When ancient Greeks plagariazed the thousands of years old concepts of Logic from Africa, despite such methods as Inductive Reasoning having been wide-spread in Africa, the Western world falsely claimed Sir Francis Bacon (1561-1626) “discovered” it. They compounded their dishonorableness by introducing an explosion of processes which have caused tremendous ongoing confusion in pursuits of the Truth--effects seen to this day. To make matters worse, they refused to be self-critical and thus engaged in self-righteous hypocrisy. For the ancient Greeks, and subsequently for the Western world, Logic designates a specific branch of philosophy dealing with the study of principles of reasoning. Following the pattern of African Logic, Greek Logic consisted of putting statements together correctly so as to arrive at new statements. Those new deductions could then be the basis for making other deductions on the way to establishing a logical train of thought for the opening up of important new information. However, a major flaw in ancient Greek logic occurred. Their tremendous modifications, based upon a material system of values, included dismissal of the Spiritual aspects permeating African Thought. Thus, their figuring out of complex problems was like fitting a square peg into a round hole, necessitating overlooking misfit areas.
A modification of African Deductive reasoning into systematized rules applicable to European Logic featured the "Premise"--a statement accepted as a basis for further reasoning but it may be true, distorted, or fantasy. Another was their primary concern with the correctness of the pattern of thought by analysis rather than from the Spiritual perspective of African Tradition's emphasis on the Truth of thought by means of Synthesis. Then their analytical process, though correct, was on the wrong track. It proceeded from the examination of the facts in order to discover the general principles underlying individual happenings so they can be applied to making inferences from a specific thing to something universal—from the known in the earth world to the unknown in realms above the earth world. By contrast, African Logic, also called African Dialectic, reasons only from Truth or Circumstantial Truths--i.e. the Spiritual Elements. The Greeks' main purpose for arriving at inferences was to reveal “Esoteric Knowledge”—i.e. understanding the inner truth lying hidden within the core of fundamental beliefs about foundational Realities for application in all aspects of the Cosmos. In assessing the logic of this process, what results is People's Information may be correct but not on the Truth-Track--typical of European Logic. Still, each type--regardless of how close to the truth or far away--can have a deep and long lasting impact. Regarding God, Idols, Sin, and Theology some people have Certainty concepts derived from Circumstantial Spiritual Truths; some, false certainty from opinions, beliefs, or incomplete truth; and some are deliberately deceitful in presenting Supernatural SEEMS right opinions and beliefs as certainty. Since most people do not know that issue's essence--the "What it is"--the problem of falseness centers on confusing dealings with only what the issue does or how it appears.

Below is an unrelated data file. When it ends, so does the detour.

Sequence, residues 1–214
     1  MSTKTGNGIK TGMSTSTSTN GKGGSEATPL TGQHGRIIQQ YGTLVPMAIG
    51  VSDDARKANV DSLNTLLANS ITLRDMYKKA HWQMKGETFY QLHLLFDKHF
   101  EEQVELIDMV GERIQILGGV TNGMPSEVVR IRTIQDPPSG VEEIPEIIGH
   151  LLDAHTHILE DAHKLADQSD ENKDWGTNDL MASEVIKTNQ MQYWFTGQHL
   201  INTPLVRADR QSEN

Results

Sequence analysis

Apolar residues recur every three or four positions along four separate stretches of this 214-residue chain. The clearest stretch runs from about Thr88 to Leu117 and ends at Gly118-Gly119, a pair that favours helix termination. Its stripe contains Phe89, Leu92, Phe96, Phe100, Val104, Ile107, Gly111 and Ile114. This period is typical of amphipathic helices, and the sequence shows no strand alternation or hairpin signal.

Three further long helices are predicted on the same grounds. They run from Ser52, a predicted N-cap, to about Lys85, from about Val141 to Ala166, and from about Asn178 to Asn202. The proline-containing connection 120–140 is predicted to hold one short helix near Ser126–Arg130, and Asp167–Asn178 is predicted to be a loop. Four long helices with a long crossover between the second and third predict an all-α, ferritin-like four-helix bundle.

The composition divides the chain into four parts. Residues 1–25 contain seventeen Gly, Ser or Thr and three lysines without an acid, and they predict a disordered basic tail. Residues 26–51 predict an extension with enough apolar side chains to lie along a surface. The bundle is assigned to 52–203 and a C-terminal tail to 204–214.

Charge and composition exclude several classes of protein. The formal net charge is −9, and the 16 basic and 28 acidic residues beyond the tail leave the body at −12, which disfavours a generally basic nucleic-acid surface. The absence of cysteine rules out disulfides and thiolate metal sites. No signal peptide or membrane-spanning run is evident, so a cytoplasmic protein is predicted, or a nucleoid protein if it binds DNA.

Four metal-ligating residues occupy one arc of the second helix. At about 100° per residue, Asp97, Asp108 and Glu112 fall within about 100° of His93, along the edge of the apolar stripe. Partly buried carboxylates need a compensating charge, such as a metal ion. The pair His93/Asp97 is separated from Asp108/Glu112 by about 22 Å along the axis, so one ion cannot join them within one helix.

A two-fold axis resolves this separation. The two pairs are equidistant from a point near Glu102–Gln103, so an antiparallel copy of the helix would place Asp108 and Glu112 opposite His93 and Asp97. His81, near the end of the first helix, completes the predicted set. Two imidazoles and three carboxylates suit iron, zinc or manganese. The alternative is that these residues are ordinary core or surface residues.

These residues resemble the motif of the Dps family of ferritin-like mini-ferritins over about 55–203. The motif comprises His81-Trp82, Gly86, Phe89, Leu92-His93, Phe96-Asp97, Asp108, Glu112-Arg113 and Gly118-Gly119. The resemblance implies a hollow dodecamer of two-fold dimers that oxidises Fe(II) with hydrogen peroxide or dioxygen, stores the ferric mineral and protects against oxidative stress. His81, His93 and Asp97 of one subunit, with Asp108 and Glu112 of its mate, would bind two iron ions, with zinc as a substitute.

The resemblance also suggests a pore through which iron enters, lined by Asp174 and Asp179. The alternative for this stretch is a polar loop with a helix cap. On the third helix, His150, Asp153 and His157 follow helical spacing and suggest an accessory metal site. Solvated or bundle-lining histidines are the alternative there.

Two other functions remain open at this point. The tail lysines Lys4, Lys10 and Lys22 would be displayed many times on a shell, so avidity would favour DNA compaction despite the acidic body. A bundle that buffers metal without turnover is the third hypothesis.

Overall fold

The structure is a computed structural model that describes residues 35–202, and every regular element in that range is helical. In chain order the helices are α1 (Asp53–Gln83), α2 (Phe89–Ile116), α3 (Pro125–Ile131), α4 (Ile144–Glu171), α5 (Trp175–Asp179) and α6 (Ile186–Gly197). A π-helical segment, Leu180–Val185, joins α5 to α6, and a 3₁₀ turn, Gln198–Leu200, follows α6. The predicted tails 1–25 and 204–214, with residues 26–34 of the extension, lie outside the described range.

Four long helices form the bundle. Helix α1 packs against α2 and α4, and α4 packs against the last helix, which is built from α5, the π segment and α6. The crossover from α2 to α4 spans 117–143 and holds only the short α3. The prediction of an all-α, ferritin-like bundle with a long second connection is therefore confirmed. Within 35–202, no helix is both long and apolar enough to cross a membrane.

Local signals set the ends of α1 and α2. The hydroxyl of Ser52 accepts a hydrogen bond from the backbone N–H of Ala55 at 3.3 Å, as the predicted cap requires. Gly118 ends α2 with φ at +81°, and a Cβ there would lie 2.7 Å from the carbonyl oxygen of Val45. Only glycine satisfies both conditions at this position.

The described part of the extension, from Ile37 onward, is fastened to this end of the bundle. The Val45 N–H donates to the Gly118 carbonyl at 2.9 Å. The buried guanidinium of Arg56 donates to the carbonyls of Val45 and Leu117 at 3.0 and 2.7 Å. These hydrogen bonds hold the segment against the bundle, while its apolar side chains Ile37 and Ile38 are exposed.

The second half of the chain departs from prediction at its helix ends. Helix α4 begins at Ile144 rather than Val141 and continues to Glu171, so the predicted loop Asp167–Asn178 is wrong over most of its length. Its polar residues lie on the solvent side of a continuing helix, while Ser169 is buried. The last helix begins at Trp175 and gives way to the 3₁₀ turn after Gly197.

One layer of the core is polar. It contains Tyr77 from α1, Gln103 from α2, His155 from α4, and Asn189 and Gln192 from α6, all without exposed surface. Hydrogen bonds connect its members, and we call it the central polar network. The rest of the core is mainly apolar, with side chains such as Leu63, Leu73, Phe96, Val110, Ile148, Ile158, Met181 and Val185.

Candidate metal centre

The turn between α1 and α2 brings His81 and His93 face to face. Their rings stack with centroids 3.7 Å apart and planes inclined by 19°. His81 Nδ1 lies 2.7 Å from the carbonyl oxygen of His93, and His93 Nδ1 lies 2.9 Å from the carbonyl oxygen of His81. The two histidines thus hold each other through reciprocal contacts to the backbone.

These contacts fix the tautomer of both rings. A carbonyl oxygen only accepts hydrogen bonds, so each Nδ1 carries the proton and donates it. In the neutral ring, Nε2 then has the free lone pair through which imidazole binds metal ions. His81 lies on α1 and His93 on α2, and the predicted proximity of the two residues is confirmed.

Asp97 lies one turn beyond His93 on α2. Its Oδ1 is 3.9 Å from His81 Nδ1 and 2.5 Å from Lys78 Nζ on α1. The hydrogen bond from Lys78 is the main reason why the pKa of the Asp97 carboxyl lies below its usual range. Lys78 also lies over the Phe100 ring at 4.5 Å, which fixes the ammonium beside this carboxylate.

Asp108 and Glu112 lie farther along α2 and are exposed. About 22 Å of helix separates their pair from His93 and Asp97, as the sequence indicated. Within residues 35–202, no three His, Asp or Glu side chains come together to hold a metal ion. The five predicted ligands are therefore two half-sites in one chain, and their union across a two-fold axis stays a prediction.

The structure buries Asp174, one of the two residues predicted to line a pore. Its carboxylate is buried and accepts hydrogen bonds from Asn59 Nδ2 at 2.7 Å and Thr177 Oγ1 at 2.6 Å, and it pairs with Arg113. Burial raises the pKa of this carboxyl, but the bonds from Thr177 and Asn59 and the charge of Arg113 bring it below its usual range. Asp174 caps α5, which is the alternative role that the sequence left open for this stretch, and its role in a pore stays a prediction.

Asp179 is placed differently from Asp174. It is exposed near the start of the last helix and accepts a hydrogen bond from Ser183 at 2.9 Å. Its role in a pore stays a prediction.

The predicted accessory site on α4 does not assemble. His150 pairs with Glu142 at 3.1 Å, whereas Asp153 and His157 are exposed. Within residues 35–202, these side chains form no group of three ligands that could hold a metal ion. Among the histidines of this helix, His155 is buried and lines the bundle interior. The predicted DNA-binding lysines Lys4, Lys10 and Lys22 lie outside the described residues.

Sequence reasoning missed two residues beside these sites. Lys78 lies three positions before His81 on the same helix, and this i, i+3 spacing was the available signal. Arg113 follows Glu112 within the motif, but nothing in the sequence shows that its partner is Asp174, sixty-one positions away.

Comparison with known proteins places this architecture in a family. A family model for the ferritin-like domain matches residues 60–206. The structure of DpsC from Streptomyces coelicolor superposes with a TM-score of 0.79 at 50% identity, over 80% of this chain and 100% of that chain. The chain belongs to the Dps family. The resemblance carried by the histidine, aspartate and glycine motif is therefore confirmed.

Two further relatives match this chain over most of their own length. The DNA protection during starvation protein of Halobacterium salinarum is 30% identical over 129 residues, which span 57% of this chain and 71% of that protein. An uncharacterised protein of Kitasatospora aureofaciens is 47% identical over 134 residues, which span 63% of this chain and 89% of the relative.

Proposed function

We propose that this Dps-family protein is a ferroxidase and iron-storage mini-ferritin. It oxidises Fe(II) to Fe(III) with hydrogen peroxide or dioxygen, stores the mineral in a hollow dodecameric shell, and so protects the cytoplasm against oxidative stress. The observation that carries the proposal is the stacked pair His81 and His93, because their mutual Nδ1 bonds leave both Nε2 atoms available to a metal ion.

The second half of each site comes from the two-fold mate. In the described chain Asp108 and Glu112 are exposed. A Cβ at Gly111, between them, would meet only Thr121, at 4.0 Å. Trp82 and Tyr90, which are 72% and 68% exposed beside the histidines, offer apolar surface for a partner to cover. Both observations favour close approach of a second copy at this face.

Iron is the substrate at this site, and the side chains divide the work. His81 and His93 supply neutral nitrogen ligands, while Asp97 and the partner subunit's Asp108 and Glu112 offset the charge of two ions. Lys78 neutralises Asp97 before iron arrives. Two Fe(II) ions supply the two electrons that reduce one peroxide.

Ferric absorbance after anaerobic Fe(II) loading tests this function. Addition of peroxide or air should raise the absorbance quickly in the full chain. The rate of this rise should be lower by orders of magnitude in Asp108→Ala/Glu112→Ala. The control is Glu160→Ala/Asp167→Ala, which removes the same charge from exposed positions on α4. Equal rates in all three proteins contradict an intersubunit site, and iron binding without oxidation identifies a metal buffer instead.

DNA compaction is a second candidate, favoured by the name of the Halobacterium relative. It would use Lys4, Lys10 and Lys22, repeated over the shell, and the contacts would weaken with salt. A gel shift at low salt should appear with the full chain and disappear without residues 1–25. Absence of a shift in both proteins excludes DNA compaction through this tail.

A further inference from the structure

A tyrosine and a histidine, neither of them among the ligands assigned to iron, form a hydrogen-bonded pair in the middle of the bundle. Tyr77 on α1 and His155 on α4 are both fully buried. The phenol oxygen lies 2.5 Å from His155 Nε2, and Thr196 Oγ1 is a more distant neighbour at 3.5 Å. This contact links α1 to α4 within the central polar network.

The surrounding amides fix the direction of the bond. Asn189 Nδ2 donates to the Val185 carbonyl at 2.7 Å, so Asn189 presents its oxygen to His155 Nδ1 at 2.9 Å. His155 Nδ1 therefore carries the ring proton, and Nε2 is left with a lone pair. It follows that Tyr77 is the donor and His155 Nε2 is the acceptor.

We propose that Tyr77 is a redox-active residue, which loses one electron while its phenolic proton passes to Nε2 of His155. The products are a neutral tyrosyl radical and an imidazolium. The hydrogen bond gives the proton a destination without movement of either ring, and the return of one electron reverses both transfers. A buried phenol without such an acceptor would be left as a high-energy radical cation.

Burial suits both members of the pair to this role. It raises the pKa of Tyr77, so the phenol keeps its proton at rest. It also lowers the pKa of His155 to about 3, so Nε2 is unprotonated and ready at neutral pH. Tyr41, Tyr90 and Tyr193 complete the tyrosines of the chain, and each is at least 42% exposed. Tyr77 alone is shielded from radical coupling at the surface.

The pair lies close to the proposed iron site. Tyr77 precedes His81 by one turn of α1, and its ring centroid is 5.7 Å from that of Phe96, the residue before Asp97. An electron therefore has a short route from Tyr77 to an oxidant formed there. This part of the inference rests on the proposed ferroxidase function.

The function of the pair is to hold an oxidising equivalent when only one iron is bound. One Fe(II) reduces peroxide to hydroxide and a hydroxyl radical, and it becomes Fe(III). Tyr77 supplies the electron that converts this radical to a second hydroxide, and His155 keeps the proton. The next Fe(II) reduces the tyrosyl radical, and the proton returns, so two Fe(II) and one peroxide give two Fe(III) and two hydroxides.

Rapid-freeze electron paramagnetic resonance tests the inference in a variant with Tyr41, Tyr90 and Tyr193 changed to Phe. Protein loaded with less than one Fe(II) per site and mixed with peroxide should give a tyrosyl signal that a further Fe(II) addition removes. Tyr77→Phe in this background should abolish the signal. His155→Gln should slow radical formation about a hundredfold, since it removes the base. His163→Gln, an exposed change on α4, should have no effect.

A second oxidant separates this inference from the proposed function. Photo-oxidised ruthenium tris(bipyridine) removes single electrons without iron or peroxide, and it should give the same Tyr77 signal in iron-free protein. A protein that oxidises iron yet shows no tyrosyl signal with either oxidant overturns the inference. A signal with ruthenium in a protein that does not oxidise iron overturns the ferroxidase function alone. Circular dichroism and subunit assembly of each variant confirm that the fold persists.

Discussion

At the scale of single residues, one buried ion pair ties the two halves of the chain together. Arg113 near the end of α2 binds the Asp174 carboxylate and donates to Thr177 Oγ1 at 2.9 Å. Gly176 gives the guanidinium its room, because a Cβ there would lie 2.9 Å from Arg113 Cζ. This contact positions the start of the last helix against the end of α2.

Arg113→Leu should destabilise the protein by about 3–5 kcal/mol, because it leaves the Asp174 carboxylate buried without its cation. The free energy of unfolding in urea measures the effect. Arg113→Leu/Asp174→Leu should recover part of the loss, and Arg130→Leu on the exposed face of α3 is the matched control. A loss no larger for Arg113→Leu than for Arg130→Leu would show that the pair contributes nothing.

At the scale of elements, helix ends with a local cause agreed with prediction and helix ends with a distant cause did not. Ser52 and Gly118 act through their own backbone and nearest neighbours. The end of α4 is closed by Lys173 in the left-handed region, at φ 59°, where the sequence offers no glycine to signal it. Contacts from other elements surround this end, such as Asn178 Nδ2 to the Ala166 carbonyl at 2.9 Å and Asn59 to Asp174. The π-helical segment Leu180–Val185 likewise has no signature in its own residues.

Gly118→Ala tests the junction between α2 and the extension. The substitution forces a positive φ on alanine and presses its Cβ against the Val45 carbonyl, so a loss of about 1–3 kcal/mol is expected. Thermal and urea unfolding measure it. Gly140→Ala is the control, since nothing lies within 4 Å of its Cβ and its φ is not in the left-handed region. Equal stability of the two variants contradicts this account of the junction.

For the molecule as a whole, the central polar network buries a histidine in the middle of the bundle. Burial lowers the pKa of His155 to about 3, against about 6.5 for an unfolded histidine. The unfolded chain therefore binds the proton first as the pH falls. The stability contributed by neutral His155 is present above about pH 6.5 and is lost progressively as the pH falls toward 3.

In contrast to the Sophists, Socrates (teacher of Plato) hammered out his principles with his own unaided reason and lived by them without regard to the consequences--the African Tradition way. He borrowed the concept of Dialectic (reasoning about opinions through questioning) from Africans to arrive at what Europeans call the Socratic Method: (1) definition of key terms; (2) the statement of propositions or definitive declarative statements about the subject; (3) the identification of possible contradictions; and (4) the application of ideas. This method is based on the use of Antithesis--the pairing of contradictions to display the necessity of choice between them. He taught that the human mind can be satisfied by nothing less than unchanging, objective truth. Permanent truth was to be found only in general statements: particular things change, but species do not change. "Particular" describes the members of a class or type. "Universal" (Forms or Ideas) describes that class or type to which particulars belong. Thus, my dog Titan is a particular of the universal 'dog.' He said that if one cannot make general statements really founded in the facts of Reality, one could not reason at all. One is to examine the Particulars in their various instances to discover properties and relations enabling one to make valid statements about them.
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